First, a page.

Decorative, colored, stamped, and stained concrete must be cured to minimize efflorescence, a powdery, white substance that forms on concrete surfaces. This occurs as water in the concrete evaporates, carrying calcium hydroxide with it. When the calcium hydroxide mixes with the carbon dioxide in the air, it becomes calcium carbonate, which remains on top of the concrete. Efflorescence isn't visible on gray surfaces, nor is it damaging, but it ruins the look of color-treated designs. Wet curing is the best way to cure concrete and prevent efflorescence, but it's hard to do so evenly. As such, most people choose liquid curing compounds instead.
Wet concrete can irritate the skin or cause first-, second-, or third-degree chemical burns. Cement dust contains silica, which damages the lungs and can lead to cancer or silicosis. Many concrete mixtures contain cement, so homeowners should be careful if contractors create the concrete on site. Anyone who touches wet concrete or dust should wash their skin with soap and cold water.
Questions to Ask Before Hiring a Concrete Contractor
As with any home improvement project, it's best to shop around before hiring a professional. Homeowners should ask questions while vetting potential contractors to find one whose terms suit both need and budget.
- Are you licensed? It's always best to choose a licensed concrete contractor, regardless of a state or city's licensing laws. A licensed contractor must pass exams that test his or her knowledge of concrete mixing, construction, and safety. Licensing requirements vary between locations. Some have financial restrictions - for example, contractors in California must have a license if they want to work on a job with a total cost of more than $500. Homeowners can search the website of their state or local government for a list of licensed professionals.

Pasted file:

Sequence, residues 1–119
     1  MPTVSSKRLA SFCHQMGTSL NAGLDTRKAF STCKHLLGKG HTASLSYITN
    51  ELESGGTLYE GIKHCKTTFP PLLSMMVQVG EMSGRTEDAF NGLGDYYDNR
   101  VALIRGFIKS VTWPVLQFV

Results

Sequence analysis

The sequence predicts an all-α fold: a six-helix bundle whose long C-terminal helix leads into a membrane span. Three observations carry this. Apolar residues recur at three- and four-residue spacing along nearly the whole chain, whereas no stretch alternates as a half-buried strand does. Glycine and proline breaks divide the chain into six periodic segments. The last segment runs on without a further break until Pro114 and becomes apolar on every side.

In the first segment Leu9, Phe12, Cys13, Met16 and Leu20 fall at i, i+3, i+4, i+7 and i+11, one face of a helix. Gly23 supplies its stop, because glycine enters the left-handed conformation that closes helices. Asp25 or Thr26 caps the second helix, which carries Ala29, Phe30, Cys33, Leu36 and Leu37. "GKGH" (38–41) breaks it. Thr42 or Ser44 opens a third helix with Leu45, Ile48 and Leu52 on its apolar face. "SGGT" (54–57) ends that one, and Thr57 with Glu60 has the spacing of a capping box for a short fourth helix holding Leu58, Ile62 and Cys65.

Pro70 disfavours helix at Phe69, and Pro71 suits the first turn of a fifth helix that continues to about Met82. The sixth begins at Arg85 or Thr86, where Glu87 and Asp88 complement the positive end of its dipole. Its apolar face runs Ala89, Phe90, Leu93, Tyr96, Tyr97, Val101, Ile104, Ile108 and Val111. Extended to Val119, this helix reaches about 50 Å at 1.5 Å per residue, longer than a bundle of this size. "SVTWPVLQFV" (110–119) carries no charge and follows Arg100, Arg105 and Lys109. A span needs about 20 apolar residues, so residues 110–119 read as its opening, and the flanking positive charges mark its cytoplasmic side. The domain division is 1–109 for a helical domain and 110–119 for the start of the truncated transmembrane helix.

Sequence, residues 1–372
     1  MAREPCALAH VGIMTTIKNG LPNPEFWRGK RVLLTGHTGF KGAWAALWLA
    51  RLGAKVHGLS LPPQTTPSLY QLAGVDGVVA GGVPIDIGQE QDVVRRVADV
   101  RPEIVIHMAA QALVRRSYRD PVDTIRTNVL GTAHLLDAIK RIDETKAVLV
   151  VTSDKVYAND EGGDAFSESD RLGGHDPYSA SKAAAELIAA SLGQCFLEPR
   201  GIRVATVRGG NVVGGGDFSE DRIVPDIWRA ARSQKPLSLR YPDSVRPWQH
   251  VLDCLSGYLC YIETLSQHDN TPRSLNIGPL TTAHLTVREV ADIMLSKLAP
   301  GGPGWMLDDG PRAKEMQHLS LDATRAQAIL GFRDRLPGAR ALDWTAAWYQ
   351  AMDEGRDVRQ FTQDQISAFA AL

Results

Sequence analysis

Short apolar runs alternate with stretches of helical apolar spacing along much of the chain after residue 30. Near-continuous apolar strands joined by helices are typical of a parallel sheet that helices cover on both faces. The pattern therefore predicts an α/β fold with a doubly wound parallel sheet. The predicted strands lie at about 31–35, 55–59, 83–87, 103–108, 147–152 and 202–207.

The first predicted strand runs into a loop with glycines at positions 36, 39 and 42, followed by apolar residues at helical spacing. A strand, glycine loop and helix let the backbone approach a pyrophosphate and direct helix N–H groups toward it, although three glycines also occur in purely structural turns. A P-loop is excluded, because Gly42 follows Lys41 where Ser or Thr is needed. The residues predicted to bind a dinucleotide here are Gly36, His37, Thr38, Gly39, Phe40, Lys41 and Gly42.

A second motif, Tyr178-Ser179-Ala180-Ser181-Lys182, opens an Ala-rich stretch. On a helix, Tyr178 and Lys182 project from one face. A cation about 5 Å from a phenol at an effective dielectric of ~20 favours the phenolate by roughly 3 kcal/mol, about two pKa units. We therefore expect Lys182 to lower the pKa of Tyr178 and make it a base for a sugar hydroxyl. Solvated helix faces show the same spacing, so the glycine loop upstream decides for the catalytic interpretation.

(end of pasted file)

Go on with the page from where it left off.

- Are you insured? Generally, insurance covers damage to people or property during the construction process. It can, but doesn't always, cover the cost of a poor job. Get the specifics of a contractor's insurance policy before agreeing to construction.
- Are you bonded? A bond covers the performance gaps in insurance, ensuring the contractor fulfills the terms of his or her contract. Bonding protects consumers from poor work and certain financial obligations, like obtaining supplies and permits.
- What is your warranty? Ask for specific details about the warranties offered, including what types of damage and maintenance are covered and when. Some warranties contain complex or confusing clauses and don't cover common repairs such as pool resurfacing. Never work with a contractor who doesn't offer a warranty.
- How long will the job take? A detailed timeline will prevent any unexpected gaps in construction, weather permitting. Some contractors start a job, leave for a few days, and finish later.
Certification and National Associations
Homeowners should work with a concrete contractor who is either certified by or a member of one or more trade organizations for high-quality results. These individuals adhere to professional guidelines and are versed in industry and safety standards.
- American Concrete Institute: The ACI offers more than 20 certification courses in specialized areas of the concrete industry, including adhesive anchor installation, strength testing, and quality management.
- American Society of Concrete Contractors: The ASCC is a nonprofit made up of more than 600 member companies. It was created by and for concrete contractors to provide educational and networking opportunities, although it does not offer certification.
- National Ready Mixed Concrete Association: The NRMCA offers certification programs related to sustainability, green construction, concrete delivery, and more. Formed in 1930, it is the leading advocate for ready-mixed concrete.